It’s tempting to over-schedule sport for very active kids as a way to entertain them and channel their energy into something positive. But just as we wouldn’t lock our child in their room and demand they play computer games all day to improve their eye/hand coordination, we need to make sure we don’t overload our kids physically. The trick to getting the right balance is allowing for variety – if your child is very active, ensure they do a variety of sports and other activities (and make sure they eat well and drink lots).

Too late to join in?

Although there are a few sports that are more of a struggle to join successfully late in childhood if the aim is success at a high level (such as gymnastics and individual water sports), generally there is no disadvantage with a late start. Don’t worry if your child switches their chosen sport a few times, base skills and fitness are portable between sporting codes, and the added challenge of learning new sports-specific movements and skills will be beneficial in the long run.

Individual pursuits

If your child is not keen on being involved in sports and you don’t want to push them, there are plenty of other options to keep them physically active. Some kids are resistant to the competitive nature of sports but can benefit from the discipline of a regular activity that they can progress and improve, such as skateboarding or running. Many gyms and recreation centres offer a range of activities and classes that a non-sporting child can attend. Fitness New Zealand has recently developed a set of guidelines for children in exercise facilities. They recommend avoiding specific weight training for children under the age of 13, with training between 13- to 16-years depending on the child’s size.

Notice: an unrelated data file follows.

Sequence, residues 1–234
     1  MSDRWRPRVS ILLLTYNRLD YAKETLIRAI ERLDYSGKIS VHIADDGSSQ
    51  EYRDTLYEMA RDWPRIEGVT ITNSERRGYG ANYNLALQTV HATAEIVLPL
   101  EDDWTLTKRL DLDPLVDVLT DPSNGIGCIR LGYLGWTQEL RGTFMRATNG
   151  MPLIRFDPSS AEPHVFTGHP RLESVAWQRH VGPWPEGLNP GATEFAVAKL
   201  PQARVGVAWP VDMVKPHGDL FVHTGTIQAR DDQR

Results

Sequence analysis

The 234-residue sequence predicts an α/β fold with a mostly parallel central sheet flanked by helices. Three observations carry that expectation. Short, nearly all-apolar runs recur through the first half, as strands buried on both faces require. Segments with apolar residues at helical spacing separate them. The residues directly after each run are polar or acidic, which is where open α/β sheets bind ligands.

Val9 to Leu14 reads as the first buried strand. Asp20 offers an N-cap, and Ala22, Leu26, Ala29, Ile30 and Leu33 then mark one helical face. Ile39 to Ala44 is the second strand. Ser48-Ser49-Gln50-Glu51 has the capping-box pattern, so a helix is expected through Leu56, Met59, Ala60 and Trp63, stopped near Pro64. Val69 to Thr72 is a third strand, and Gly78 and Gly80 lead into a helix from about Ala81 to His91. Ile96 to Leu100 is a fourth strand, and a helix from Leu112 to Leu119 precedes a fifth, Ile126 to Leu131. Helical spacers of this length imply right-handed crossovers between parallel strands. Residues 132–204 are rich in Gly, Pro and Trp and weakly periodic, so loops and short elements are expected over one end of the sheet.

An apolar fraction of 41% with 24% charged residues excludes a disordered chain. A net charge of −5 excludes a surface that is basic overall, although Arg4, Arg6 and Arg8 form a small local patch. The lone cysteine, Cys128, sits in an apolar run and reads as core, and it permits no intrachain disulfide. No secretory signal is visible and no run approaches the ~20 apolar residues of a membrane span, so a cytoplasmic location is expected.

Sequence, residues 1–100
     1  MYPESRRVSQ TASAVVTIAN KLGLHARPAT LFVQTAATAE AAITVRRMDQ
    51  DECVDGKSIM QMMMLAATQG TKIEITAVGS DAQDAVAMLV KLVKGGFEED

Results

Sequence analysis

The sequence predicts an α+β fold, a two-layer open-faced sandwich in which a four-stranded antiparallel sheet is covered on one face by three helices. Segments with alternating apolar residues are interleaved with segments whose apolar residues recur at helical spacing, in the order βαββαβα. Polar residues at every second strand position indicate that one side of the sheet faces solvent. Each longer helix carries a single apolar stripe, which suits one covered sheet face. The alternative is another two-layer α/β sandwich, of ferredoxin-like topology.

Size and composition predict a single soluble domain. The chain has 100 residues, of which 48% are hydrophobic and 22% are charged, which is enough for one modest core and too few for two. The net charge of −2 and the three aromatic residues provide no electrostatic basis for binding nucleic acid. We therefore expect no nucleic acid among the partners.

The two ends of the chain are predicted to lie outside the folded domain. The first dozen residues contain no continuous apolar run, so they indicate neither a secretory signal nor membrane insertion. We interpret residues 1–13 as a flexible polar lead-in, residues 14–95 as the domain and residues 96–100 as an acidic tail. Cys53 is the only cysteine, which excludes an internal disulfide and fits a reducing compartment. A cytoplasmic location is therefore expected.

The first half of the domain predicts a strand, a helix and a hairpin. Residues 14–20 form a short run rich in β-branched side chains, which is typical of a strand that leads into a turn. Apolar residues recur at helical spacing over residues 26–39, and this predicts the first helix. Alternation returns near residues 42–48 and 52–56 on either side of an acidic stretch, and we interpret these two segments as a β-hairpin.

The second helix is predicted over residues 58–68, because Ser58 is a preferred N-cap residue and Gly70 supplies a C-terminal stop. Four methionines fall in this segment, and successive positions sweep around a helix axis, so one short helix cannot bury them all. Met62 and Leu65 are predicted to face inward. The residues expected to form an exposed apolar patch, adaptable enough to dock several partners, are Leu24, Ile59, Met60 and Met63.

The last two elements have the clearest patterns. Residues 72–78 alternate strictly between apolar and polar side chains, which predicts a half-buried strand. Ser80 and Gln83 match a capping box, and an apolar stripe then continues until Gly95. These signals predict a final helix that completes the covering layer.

For more information on the Fitness New Zealand guidelines for kids in gyms, go to http://site.fitnessnz.co.nz/fitness-and-exercise-industry/children-in-exercise-facilities.

Don’t worry

if your child switches their chosen sport a few times, base skills and fitness are portable between sporting codes, and the added challenge of learning new sports-specific movements and skills will probably be beneficial in the long run.

The basic movement skills of sports such as running, catching, throwing and dodging are suitable for all ages. The addition of more sport-specific skills needs to be introduced as a child’s coordination improves, their body size increases and their ability to understand consequences develops. A toddler can manage running after a ball, then once at primary school, the coordination needed to kick, run and aim at a goal can be developed. Full physical contact with other players should be minimised until the teen years, unless carefully supervised.

Ages & Stages


  • Participation focus, it’s all about the ‘doing’
  • Encourage a variety of sports experiences
  • Minimise risk
  • Parents and family are primary role models

5- to 8-years

  • Team focus, awareness of being part of a group
  • Committing to a team or sport
  • Peers and athletes become role models

9- to 12-years

  • Self-focus, taking responsibility for your own training
  • Understanding the need for sacrifice to succeed
  • Balancing teen social desires with sporting commitments